From day one I acted with the community centre in mind, putting away any item needed for it immediately. The wiki made this easy by detailing the conditions under which I could catch every fish I needed. Once the centre was restored, I was disappointed to discover that was it, nothing more than another item off my list. Worse, even all shiny and new it barely got used. I had been hailed as the saviour of Stardew Valley’s very soul and the best I got for it was a bus that allowed me to leave the valley sometimes. Nothing reflected the change I brought about save for a different decrepit building in town, having defeated the evils of capitalism represented by Joja Mart. Game over, I guess you won.

The feeling of achievement from digging up my first parsnip or welcoming Skeletor (my first chicken) into its coop did remain even my second time. It's still hugely satisfying to catch a big fish with the last dredges of your energy remaining, or to slide into bed juuuust before cut-off time at 2am. It’s all fun, but when it comes to making quick and steady profit, there are many better ways than ruining your back over a few potatoes. 

The importance of intrinsic rewards

Early on, I concentrated on fishing and mining, as many items are only found using those two methods, and became so proficient in such a short amount of time I nearly drowned in money. They say money can’t buy happiness, but once you’ve made it big in Stardew Valley, you’ll be wanting for very little. The time I had spent absent from my farm had turned it into an overgrown jungle, supplying me with a year’s worth of wood and hay. Stardew Valley rewards little acts of patience by overtipping like Nicolas Cage in It Could Happen to You.

I felt accomplished at first, rewarded as I was for implementing smarter processes. But finding the most optimal way to play is antithetical to Stardew Valley. Being chained to a monitor in the name of capitalism is what you're trying to escape from, so amassing riches via spreadsheet felt oddly wrong. 

I began to hate my second husband, who had so endearingly clung to me on our date in the hot air balloon, for watering fields that didn’t need watering instead of giving me a second child.

Additionally, while there are games that are a delight to play for achievements, some achievements in Stardew have nothing to do with testing your skill. While it can feel like quite a feat to catch every fish, there is nothing you can do to make the hunt for every item for the museum less excruciating. Anyone need another rusty spur? No?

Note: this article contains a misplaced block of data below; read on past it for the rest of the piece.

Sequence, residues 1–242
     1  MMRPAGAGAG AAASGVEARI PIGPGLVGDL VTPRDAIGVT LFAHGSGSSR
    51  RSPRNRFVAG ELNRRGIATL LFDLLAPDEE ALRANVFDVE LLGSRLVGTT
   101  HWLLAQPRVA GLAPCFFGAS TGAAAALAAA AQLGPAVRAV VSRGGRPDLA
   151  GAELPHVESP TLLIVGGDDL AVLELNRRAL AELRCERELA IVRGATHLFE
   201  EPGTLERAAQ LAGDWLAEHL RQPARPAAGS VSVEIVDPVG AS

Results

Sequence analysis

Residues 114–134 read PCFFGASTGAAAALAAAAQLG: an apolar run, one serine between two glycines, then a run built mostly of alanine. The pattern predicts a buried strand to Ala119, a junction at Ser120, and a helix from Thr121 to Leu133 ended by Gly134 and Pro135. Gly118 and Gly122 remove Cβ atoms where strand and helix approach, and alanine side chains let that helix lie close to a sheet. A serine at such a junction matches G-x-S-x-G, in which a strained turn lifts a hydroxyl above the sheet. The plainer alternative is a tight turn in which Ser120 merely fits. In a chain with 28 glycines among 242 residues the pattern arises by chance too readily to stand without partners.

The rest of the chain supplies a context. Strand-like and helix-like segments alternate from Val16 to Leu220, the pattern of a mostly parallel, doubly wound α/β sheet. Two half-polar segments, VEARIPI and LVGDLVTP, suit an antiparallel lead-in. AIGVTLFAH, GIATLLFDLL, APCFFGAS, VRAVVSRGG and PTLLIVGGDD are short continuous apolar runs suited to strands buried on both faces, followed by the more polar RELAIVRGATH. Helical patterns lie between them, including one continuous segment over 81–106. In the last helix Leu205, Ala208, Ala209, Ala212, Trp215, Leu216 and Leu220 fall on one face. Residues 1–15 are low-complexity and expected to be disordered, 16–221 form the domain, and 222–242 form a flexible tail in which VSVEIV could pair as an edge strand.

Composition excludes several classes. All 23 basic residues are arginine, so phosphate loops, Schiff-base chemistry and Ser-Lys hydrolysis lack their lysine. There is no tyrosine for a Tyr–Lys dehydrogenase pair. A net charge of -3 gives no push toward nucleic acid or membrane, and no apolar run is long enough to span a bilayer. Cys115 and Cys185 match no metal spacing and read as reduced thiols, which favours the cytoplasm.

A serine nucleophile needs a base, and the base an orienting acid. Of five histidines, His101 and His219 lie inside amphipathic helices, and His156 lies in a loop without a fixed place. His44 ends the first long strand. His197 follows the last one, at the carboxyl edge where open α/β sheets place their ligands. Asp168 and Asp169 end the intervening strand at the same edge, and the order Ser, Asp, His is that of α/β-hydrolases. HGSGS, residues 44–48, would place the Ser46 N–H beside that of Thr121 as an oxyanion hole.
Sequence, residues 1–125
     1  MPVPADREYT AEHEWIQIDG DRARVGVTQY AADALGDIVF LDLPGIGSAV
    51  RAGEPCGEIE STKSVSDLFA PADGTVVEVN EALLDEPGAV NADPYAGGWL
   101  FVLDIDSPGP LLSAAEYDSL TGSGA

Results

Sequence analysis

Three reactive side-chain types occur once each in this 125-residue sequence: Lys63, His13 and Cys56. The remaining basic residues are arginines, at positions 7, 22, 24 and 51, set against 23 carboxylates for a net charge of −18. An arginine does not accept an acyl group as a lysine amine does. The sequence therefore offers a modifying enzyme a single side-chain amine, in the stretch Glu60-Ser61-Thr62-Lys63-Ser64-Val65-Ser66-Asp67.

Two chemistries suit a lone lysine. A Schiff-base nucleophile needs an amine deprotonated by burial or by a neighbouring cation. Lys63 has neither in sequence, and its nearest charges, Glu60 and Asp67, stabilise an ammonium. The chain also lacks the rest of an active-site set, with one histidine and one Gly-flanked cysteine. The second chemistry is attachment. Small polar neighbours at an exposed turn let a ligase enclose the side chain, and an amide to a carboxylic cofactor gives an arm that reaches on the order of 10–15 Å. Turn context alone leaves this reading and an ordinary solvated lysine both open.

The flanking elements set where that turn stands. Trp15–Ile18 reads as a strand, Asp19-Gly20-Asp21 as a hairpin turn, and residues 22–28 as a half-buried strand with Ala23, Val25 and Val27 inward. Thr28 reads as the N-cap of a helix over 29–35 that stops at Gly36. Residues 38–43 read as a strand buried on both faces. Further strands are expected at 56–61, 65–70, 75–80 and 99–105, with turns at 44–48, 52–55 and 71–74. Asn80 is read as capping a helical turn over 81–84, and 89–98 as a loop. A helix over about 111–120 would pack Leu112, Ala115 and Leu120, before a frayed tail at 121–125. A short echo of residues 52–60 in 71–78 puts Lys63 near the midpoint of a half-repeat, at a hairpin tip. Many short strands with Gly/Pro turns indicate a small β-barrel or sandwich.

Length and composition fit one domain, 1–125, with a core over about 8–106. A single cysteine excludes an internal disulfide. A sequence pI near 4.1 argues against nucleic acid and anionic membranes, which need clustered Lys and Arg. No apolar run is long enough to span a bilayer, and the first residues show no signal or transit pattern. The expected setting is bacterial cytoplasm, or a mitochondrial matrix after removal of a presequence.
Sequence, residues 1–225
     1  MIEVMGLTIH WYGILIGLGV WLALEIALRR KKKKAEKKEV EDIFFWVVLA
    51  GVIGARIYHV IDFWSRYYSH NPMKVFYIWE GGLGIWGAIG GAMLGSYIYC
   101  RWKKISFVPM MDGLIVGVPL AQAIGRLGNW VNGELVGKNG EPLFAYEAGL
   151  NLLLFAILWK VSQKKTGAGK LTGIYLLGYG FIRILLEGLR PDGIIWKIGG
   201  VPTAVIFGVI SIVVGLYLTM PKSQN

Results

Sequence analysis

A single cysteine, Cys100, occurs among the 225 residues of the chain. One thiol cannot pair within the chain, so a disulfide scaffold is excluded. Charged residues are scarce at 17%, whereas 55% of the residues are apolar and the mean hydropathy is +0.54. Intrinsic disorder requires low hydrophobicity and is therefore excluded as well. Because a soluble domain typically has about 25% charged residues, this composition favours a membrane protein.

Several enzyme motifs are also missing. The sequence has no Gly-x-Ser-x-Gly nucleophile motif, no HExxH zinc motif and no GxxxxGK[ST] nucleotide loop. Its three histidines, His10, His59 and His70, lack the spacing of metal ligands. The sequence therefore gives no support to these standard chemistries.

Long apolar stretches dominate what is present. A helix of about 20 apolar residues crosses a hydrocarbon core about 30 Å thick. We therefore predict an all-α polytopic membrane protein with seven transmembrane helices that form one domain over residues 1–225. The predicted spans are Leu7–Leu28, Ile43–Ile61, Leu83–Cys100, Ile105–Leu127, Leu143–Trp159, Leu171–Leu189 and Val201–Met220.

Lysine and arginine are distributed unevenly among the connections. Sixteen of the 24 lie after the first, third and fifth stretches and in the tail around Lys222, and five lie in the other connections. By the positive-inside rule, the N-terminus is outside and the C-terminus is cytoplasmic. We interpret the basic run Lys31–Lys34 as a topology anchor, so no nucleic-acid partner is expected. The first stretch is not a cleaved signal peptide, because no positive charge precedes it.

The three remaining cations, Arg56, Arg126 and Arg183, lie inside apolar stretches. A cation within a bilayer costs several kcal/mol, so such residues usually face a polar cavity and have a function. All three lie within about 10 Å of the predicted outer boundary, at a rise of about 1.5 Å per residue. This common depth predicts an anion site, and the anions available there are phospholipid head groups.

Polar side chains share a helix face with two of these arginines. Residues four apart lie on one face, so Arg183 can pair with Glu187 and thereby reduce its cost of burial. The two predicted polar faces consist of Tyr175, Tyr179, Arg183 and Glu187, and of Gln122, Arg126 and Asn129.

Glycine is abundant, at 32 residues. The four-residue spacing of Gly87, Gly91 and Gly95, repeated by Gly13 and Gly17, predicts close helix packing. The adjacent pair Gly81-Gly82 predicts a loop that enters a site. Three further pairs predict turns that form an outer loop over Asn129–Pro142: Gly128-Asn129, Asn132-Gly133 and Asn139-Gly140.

I’m on the fence about the multiplayer for all these reasons. While I like the idea of meeting a friend for a chat and planting some melons, like Stardew and chill with actual chilling, it will also mean that with an extra pair of hands you’ll finish everything faster. I realize, however, that not every person plays Stardew Valley as if cursed to touch nothing else, and hope it can be a nice way for the evening crowd to share something with friends.

In the end, I never built my mega farm. For me, it's not worth it to own several barns and sheds dedicated to crystallariums spitting out diamonds just to prove to people you have the biggest... farm. As relaxing as Stardew Valley is, at the point where there’s no challenge left other than choosing pictures that don’t contrast with the color scheme of the tapestry, I’m off. 

With barns dispensing fodder automatically and sprinklers taking care of both my small field and my greenhouse, I was spending over half an in-game day just collecting the fruits of automated labour. At that point searching for my inner interior designer was nothing but a last-ditch attempt to stave off boredom. Finally, I began to hate my second husband, who had so endearingly clung to me on our date in the hot air balloon, for watering fields that didn’t need watering instead of giving me a second child. That was when I knew efficiency had turned me into a bit of an ass. I put Stardew Valley away. No matter how its open-ended design tries to tell me otherwise, we all put a game away eventually in favor of something else. I will try to unlearn what I know and get back to it eventually. 

Maybe I’ll play some Harvest Moon in the meantime.